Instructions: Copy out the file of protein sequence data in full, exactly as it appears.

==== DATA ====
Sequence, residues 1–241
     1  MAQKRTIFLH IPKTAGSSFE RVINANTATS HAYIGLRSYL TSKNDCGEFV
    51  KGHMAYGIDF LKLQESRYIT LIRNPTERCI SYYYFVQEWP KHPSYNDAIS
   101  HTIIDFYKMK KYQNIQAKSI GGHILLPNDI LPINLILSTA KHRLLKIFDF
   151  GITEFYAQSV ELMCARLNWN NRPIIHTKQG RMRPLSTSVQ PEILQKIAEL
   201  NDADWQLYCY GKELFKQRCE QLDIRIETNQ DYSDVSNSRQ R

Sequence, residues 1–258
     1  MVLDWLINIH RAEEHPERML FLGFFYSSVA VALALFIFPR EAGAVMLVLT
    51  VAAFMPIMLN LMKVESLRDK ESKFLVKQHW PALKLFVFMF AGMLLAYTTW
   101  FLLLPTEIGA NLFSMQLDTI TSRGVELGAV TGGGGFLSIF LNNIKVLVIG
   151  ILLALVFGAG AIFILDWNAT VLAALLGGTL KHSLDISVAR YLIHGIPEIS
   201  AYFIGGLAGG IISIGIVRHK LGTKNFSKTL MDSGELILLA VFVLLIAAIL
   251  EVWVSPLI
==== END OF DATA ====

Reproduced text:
Sequence, residues 1–241
     1  MAQKRTIFLH IPKTAGSSFE RVINANTATS HAYIGLRSYL TSKNDCGEFV
    51  KGHMAYGIDF LKLQESRYIT LIRNPTERCI SYYYFVQEWP KHPSYNDAIS
   101  HTIIDFYKMK KYQNIQAKSI GGHILLPNDI LPINLILSTA KHRLLKIFDF
   151  GITEFYAQSV ELMCARLNWN NRPIIHTKQG RMRPLSTSVQ PEILQKIAEL
   201  NDADWQLYCY GKELFKQRCE QLDIRIETNQ DYSDVSNSRQ R

Sequence, residues 1–258
     1  MVLDWLINIH RAEEHPERML FLGFFYSSVA VALALFIFPR EAGAVMLVLT
    51  VAAFMPIMLN LMKVESLRDK ESKFLVKQHW PALKLFVFMF AGMLLAYTTW
   101  FLLLPTEIGA NLFSMQLDTI TSRGVELGAV TGGGGFLSIF LNNIKVLVIG
   151  ILLALVFGAG AIFILDWNAT VLAALLGGTL KHSLDISVAR YLIHGIPEIS
   201  AYFIGGLAGG IISIGIVRHK LGTKNFSKTL MDSGELILLA VFVLLIAAIL
   251  EVWVSPLI